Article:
Public service trade unions, including Fórsa, SIPTU and INMO, have agreed to launch a campaign on pay that could involve industrial action. The unions, coordinated by the ICTU confederation, had already called on the government to review pay in the light of the surge in inflation. However, the response was only for an additional 2.5% increase in 2021-22 when inflation has already topped 9%. The unions argue that by failing to complete the pay review in light of higher inflation, the government is failing to meet the requirements of the public service collective agreement, Building momentum
After difficult negotiations in the energy production and supply sector the FNV trade union is asking members to vote on a collective agreement that will provide a 4% pay increase from 1 May 2022. The agreement will run for 14 months to 1 July 2023 and includes proposals to discuss how to ensure the agreement will help tackle the major challenges faced by the sector. Key to the discussions will be work pressure, policies on older workers and how to deal with the shortage of technical staff. Meanwhile, there were also challenging negotiations in the maternity sector where a new 18-month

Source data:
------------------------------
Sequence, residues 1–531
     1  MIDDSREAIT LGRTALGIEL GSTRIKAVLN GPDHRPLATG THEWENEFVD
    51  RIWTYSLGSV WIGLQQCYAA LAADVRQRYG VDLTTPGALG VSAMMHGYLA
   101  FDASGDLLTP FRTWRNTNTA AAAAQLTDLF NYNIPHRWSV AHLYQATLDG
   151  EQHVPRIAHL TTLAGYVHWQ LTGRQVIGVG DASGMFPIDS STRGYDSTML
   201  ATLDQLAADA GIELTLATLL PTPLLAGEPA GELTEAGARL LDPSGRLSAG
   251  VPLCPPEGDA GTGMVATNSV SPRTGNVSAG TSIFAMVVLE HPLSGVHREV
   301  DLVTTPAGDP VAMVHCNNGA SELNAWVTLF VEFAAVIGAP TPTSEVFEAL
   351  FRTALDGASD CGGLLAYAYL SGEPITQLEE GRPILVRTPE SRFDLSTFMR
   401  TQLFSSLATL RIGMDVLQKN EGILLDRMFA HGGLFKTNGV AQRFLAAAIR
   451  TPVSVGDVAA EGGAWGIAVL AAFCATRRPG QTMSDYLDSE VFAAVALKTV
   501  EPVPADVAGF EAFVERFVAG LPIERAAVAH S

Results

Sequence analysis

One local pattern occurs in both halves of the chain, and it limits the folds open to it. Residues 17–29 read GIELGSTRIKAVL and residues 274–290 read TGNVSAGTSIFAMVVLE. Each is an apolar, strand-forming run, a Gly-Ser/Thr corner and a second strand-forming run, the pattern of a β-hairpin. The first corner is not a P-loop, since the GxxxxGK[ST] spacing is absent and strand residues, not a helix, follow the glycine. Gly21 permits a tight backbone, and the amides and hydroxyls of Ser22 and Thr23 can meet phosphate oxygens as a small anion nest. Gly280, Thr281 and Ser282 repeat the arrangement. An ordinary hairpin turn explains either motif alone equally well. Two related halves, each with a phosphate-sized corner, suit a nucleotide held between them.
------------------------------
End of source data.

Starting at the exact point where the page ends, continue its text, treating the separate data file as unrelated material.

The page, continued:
Members of the STAL municipal services union took strike action on 1 August in protest at the failure of the Braval waste company to increase pay in the face of soaring inflation. The publicly-owned company provides waste services across a range of municipalities in northern Portugal. The union says that there has been no pay increase for two years and it is calling for a minimum increase of €90 for all workers. It also wants the company to abide by the collective agreement particularly in relation to career progression and wage development.
The Secretary of State for the Environment has told the FSC-CCOO and FeSP-UGT public service federations that he will present a draft statute covering forest firefighters to parliament for approval. This has been a long-standing demand of the trade unions who want to see common national provisions covering the wage structure, professional classifications, training, job security and social protection. The unions argue that this will professionalise the sector, help stabilise jobs and contribute to a better coordination across the autonomous regions.